In computer science, there’s a thing called Turing completeness.  If we consider an idealized abstract computer stripped down to its most basic parts (a universal Turing machine), it can compute anything that is, well, computable; by definition, a universal Turing machine can simulate any computable algorithm, any computable programming language, and any computer.  Any computer you see or interact with, including your smartphone or laptop or video game console, is a concrete implementation of a Turing machine.  Turing completeness is a property that applies to computers and, by extension, PLs: if a concrete computer or programming language (let’s call it A) can simulate a universal Turing machine, then because a universal Turing machine can simulate any other type of computation or computation method , then the computer/programming language A can simulate any other computer/programming language.  This is called Turing completeness.

What this boils down to is saying that any Turing-complete programming language can do anything that any other Turing-complete language can do: C is functionally equivalent to ML, which is functionally equivalent to Lua, which is functionally equivalent to lambda calculus.  What this does not say, however, is that any given Turing-complete PL is as easy to use as any other Turing-complete PL.  Thus, what is easy to do in C is problematic in Lisp, which might be outright unwieldy and frightening in some other language.  It may not be impossible, just different; each PL is a different tool, and different tools are good for different ends.  It is totally possible to fix pipe plumbing issues with a hammer, but it’s easier with a wrench; it’s totally possible to just build a house with a wrench, but it’s easier with a hammer.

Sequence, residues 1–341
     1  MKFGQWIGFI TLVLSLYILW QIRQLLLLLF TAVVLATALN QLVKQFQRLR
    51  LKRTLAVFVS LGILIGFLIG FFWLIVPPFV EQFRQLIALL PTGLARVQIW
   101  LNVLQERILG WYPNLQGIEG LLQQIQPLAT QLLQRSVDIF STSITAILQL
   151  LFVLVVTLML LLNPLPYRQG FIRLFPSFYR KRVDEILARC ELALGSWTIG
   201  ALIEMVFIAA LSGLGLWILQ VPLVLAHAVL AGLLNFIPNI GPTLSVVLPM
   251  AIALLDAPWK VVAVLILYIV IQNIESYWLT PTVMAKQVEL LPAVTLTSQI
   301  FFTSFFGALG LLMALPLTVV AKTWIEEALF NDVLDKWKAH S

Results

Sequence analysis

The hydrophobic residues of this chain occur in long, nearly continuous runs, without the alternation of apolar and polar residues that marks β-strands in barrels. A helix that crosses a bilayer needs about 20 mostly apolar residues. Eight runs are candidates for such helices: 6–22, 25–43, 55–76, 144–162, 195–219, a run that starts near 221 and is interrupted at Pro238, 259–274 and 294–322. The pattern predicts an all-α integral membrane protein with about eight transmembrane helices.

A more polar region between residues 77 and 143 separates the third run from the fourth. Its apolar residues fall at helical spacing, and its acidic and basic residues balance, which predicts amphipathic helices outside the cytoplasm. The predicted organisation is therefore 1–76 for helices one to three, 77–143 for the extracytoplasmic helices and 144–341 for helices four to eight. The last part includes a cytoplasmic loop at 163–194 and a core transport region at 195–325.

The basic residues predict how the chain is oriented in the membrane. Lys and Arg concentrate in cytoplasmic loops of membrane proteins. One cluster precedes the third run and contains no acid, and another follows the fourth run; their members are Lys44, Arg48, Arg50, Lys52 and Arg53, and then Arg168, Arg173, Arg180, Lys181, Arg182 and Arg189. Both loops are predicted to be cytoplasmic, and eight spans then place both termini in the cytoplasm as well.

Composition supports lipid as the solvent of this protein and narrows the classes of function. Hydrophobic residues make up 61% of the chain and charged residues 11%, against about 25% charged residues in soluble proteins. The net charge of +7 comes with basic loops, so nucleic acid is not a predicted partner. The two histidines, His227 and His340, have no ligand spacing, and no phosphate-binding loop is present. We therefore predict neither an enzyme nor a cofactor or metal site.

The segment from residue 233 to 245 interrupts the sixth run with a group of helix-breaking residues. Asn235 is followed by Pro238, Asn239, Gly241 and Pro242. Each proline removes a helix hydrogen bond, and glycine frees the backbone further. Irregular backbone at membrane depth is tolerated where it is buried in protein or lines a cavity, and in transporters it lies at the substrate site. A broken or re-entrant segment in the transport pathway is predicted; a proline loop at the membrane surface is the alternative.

However, this metaphor of divination methods and PLs can show other things, too.  A geomancy student of mine recently came to me with an interesting question about a detail of a technique that I don’t personally use, but is documented in an old manuscript.  I don’t put any faith in that technique, so I won’t describe it here, but he wanted to know why I didn’t use it, and how we might find out more about it.  He asked me whether I’ve ever asked geomancy about itself before, like to do a reading to confirm or deny certain techniques.  I…honestly can’t see the point of doing so, but to explain why, it’s time to go back to computer science.